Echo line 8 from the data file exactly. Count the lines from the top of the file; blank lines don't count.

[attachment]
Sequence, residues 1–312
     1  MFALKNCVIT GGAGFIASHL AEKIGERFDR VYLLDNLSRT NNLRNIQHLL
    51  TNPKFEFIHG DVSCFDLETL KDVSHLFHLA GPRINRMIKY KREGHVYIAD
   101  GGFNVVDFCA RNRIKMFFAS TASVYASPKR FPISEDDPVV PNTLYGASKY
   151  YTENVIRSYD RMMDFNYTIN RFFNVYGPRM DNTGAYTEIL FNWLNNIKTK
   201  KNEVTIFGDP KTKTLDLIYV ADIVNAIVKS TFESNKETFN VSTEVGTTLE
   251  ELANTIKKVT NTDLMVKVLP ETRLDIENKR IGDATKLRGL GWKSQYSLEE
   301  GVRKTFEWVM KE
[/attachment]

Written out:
   301  GVRKTFEWVM KE